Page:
In a June 3 post on its website and Facebook page, Beth Tfiloh Camps announced it will not open for the 2020 summer season.
The post was a reversal of an earlier announcement that the camp would be open this summer despite the COVID-19 pandemic.
“While Governor [Larry] Hogan announced today that Maryland is moving into Phase 2 of recovery, we still feel that it is not possible to provide a safe and meaningful camping experience for your children. Therefore, BT Camps will not open for the 2020 summer season,” wrote Sam Bloom, director of BT Camps. “We know this news is very disappointing. We are saddened as well, and we appreciate your understanding and patience during these trying circumstances.”
The post came in the wake of similar announcements by such local Jewish summer camping outfits as Camps Airy and Louise in Western Maryland, Habonim Dror Camp Moshava in Harford County and Capital Camps in Waynesboro, Pa., that they will not open this summer because of the pandemic.
Nationally, nearly all Reform summer camps and at least one Conservative camp announced they will close for the 2020 summer.
As recently as May 24, Beth Tfiloh Camps posted that it planned to open. “At this point, we are still planning on having camp this summer, as long as it’s safe and legal to do so,” read a post.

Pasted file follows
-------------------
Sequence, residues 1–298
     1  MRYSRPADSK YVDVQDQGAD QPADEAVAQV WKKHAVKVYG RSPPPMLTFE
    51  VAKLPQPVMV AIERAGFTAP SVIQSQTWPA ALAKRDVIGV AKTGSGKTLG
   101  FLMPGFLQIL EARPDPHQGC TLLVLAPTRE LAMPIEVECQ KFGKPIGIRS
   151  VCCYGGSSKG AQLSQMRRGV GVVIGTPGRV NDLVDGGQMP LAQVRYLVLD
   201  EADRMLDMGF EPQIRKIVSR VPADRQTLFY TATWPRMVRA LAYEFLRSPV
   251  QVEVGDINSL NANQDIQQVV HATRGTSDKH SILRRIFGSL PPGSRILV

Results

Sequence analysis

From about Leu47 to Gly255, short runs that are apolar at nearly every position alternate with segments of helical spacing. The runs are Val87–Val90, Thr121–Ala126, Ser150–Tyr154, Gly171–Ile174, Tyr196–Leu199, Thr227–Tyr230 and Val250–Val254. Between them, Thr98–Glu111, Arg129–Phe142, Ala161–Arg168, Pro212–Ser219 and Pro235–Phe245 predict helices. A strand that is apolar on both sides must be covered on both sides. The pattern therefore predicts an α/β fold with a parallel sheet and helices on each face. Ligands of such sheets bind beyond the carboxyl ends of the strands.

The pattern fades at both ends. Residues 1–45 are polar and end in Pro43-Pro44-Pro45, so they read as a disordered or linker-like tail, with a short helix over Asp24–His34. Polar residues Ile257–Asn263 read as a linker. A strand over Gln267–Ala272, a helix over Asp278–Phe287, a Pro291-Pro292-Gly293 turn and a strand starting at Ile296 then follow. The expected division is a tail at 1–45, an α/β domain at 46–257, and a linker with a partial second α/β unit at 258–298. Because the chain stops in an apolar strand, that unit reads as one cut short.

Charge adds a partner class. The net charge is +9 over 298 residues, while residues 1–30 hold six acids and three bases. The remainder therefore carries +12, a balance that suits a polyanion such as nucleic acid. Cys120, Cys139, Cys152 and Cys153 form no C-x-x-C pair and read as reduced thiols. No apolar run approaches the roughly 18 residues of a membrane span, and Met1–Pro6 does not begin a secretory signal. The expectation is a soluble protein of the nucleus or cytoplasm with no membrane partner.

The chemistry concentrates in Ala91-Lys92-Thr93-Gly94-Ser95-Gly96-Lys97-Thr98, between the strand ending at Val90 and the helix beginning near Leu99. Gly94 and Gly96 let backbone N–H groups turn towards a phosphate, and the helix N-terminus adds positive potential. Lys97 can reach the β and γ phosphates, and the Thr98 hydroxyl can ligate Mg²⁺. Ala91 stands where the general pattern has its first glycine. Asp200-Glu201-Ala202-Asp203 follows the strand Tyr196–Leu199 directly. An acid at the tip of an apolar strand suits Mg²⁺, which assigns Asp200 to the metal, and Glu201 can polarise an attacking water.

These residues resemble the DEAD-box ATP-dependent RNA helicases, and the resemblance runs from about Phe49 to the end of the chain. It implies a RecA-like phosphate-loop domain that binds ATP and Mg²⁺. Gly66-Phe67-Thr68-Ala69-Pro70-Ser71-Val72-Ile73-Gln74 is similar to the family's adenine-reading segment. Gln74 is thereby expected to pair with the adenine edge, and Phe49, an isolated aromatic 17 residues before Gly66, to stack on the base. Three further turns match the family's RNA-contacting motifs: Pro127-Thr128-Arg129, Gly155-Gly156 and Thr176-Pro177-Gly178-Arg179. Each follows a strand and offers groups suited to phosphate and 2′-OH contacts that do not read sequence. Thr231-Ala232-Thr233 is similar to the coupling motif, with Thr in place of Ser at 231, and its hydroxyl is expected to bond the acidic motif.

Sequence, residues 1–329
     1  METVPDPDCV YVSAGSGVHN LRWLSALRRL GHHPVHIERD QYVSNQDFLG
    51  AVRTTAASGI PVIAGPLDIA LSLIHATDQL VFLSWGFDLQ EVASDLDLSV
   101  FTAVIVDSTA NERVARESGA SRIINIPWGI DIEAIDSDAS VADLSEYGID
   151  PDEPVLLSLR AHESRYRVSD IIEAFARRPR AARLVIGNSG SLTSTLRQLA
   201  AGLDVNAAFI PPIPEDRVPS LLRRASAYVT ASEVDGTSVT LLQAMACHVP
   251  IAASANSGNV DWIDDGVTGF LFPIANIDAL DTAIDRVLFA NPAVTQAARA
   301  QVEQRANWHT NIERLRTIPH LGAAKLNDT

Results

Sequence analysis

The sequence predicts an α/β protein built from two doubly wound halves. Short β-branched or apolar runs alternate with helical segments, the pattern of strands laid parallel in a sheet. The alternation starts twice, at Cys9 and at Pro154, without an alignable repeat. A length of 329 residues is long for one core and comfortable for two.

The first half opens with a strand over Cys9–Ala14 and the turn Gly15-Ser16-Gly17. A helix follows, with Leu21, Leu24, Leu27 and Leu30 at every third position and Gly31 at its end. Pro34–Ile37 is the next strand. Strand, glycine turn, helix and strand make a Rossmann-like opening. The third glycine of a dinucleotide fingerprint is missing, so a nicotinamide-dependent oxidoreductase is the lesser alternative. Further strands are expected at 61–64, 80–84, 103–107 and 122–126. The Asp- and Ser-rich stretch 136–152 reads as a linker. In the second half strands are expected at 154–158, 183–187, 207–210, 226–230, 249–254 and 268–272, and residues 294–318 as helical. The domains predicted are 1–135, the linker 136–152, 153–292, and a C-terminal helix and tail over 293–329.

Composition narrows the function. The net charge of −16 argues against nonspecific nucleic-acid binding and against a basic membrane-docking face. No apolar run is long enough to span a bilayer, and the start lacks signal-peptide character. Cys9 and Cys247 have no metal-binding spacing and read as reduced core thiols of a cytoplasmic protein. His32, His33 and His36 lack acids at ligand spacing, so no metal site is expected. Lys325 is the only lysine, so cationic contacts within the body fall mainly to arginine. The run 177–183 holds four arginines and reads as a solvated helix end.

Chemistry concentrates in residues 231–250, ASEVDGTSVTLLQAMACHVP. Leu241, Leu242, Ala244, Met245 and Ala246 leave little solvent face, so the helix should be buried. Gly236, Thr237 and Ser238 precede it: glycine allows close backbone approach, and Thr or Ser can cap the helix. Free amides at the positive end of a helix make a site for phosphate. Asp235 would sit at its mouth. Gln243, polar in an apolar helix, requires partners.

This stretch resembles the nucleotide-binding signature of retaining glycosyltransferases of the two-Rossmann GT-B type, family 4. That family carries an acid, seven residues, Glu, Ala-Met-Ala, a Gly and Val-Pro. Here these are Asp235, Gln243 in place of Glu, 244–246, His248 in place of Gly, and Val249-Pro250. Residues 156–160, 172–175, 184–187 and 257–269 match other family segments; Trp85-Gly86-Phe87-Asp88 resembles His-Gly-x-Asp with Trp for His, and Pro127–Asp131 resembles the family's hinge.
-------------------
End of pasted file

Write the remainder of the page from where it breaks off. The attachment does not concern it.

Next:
In the June 3 post, Bloom wrote, “With close to 80 years of Jewish day camping history, please know that this is not a decision we take lightly. Over the past two months, we have considered numerous scenarios that might allow us to safely open BT Camps this summer. We rigorously monitored recommendations from the Centers for Disease Control & Prevention (CDC) and the American Camp Association (ACA), as well as Maryland State and Baltimore County government guidelines. Additionally, we consulted with local medical professionals as well as Beth Tfiloh’s Executive Committee.
“Ultimately, we concluded that there are still too many unknowns about the spread of COVID-19 to safely open camp without risking exposure to our entire BT Camps community, and that is a risk we cannot take. Your health and safety come first.”
The post stated that a future email will address refund options for campers’ families.
“We are grateful for the love and support of our BT Camps community,” Bloom wrote. “We cannot wait to tell you all about the great things that are going to be happening in the coming months. … Keep the BT feeling alive — and you will hear from us very soon.”
Founded in 1943, BT Camps is located on 70 acres in the Reisterstown-Owings Mills area with ballfields, a nature center, ropes course, playground, sport courts, theater, art studios, an aquatics center with three pools, a boating lake and a splash pad.
The camp staff includes more than 200 counselors, educators and other professionals, as well as instructional aides from scores of different colleges and high schools. Every summer, the camp serves more than 1,000 campers ranging in age from 2 to 15.
For information, visit http://btcamps.org.